For the occasion of professor Mumtaz A. Anwar farewell and last leacture in Kuwait:
Dear p. Mumtaz, fellow students.
When I first enrolled in Library and Information Science program back in sep 2007, I was lucky to follow Dr.Charlene advice to take my first classes with P. Mumtaz in class 501. I remember it was in Ramadan just before fattor at 4 o’clock. And they say “the first impression is the last impression”. Professor Mumtaz left an impression on me from day one, An impression of a great teacher. And I remember the first thing he taught us in that class, it’s to fold the exam paper partially so our margin would be straight. Simple note that made a difference and showed us what we will be facing up a head.
Albert Einstein once said “It is the supreme art of the teacher to awaken joy in creative expression and knowledge.”
In life we pass along a lot of teachers in our school days, there is always this teacher who you cannot forget. Either he is so bad, or he so good that he leaves his mark on your way of thinking. And I can remember two great teachers now. One is from my high school days and the other is professor Mumtaz.
I told this story once to p.Mumtaz. One day my nephew who is in his final year in the college of science studying geography. He gave me a report written by him that he was going to submit to his teacher. without reading the material i started telling him that his apa style is wrong, the font size and formats is not correct. Leave a space here. Don’t start your sentence like this. You should do this and you should’nt do that. Then I stopped when I realized the effect of class 507 and other classes with the professor.
P.Mumtaz, I know how you like joha nasru aldaen stories. so I got one for you. Joha once was facing financial crises. With no one trusting to lend him the money, he offered to mortgage his house to one of the merchants. The merchant agreed and gave joha what was sufficient to rescue him from the crises. Months passed by and joha never returned the money to the merchant. So the merchant pressured joha to give him the house. And so, joha agreed on one condition. To keep the ownership of one nail on the wall to himself. And that the merchant could do nothing to that nail.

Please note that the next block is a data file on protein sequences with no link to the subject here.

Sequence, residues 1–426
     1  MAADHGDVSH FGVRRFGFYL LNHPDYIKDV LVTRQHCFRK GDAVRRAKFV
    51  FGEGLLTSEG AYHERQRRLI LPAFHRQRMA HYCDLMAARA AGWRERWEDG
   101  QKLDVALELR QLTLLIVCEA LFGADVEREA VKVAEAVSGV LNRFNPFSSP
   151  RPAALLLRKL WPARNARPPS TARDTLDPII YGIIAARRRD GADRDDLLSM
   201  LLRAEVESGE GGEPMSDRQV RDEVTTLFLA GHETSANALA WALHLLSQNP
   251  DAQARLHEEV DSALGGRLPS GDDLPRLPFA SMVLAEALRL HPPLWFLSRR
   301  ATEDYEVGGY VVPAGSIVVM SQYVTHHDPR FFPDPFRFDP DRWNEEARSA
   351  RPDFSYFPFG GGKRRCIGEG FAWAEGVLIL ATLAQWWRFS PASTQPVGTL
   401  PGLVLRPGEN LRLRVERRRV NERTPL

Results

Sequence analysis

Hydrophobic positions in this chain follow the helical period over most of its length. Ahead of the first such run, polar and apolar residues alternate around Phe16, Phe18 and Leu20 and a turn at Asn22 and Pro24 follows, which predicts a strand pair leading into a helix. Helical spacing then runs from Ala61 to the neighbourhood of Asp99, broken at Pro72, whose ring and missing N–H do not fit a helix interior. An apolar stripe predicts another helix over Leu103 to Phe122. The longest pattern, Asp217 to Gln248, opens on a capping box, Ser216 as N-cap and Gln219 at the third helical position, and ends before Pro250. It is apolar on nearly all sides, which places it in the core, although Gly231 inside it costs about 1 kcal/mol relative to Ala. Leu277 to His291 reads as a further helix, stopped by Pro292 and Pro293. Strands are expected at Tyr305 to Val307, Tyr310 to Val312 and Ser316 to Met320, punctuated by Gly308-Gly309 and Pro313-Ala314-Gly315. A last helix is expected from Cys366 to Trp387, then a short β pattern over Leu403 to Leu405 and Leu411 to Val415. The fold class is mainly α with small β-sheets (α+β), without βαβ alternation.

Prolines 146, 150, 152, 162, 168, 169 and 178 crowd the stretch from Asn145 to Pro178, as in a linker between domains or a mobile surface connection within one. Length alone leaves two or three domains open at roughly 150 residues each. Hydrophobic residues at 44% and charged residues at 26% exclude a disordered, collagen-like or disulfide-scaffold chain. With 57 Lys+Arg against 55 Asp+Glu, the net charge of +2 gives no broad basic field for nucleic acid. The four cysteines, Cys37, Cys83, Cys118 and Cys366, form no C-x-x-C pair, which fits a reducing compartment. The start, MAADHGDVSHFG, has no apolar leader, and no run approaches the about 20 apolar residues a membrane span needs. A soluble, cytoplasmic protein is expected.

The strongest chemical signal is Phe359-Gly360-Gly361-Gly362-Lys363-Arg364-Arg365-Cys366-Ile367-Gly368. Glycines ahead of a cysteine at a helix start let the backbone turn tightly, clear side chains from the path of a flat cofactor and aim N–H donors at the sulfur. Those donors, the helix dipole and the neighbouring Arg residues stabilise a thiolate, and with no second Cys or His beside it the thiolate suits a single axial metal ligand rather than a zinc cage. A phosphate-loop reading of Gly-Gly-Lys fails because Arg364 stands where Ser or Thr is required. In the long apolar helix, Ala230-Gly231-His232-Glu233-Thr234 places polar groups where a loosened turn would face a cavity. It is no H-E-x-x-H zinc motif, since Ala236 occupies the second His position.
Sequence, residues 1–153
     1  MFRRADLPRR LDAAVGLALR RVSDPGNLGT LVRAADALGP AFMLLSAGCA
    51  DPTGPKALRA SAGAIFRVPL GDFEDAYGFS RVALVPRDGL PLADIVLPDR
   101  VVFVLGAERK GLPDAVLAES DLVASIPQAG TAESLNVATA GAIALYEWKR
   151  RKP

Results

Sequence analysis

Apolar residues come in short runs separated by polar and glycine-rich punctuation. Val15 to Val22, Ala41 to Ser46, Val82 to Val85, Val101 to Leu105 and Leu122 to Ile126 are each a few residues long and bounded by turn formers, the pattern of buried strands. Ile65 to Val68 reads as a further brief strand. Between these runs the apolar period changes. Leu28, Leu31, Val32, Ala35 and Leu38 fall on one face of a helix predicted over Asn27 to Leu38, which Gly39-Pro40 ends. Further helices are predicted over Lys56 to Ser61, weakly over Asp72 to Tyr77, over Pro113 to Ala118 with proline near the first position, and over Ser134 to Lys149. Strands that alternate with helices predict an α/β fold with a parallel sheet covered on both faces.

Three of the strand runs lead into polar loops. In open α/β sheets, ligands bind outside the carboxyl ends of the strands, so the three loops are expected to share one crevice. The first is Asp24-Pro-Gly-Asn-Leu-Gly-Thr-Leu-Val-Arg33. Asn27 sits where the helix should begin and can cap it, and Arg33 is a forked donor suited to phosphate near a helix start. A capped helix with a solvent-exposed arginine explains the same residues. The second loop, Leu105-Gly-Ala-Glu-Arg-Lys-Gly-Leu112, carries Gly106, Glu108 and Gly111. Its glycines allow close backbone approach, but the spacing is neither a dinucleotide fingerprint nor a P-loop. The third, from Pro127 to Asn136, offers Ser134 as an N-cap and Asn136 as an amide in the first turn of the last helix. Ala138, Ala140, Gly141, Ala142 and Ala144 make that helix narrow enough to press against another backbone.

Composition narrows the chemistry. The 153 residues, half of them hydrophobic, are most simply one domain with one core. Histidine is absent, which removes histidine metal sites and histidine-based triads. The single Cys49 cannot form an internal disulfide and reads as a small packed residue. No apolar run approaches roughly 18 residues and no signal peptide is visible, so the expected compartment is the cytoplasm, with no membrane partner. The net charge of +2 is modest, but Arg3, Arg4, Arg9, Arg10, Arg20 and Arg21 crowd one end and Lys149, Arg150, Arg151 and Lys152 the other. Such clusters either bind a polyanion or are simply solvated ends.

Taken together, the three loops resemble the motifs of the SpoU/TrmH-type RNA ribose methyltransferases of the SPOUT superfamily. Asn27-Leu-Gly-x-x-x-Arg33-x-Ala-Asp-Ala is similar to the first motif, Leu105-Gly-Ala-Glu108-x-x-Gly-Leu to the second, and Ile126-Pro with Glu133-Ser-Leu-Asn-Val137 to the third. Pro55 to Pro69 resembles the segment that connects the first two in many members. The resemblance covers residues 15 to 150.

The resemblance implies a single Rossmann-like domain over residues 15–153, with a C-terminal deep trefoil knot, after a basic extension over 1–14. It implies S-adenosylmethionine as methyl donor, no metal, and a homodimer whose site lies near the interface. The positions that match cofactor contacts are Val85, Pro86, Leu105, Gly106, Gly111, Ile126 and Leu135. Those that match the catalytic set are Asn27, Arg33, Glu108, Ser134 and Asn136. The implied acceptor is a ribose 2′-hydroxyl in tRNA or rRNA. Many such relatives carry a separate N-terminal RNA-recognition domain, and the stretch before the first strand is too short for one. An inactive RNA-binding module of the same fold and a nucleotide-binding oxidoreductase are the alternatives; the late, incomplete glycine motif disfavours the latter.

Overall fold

So the merchant agreed and moved to live in joha’s house. And each night joha would come and knock on the door of the merchant to visit his dear nail. In the middle of the night. During meals. Whenever it was not convenient for the merchant. Also refusing to let the merchant hang his clothes on the nail. And sometimes joha would just stand there talking to the nail and crying as if it was a lover or a dear person.
Finally, the merchant got fed up with the situation and gave back the house to joha just to get rid of his nail and his intrusion on his life. Hoping to get his money back in whatever timing is suitable for joha.
I hope that the gifts we give you today will be like joha’s nail in the wall. Whenever you see these books you will remember us and feel our presence. So we can intrude on your memory even if you forget us.
Thank you professor for teaching us. It is not easy to change what we have accumulated over the past years in our educational system. I know that you have been patient with us with much tolerance. And we thank you for that.
Thank you professor and my life treat you well
Mohammad Ali Al-Bahrani, Kuwait, 10.6.2009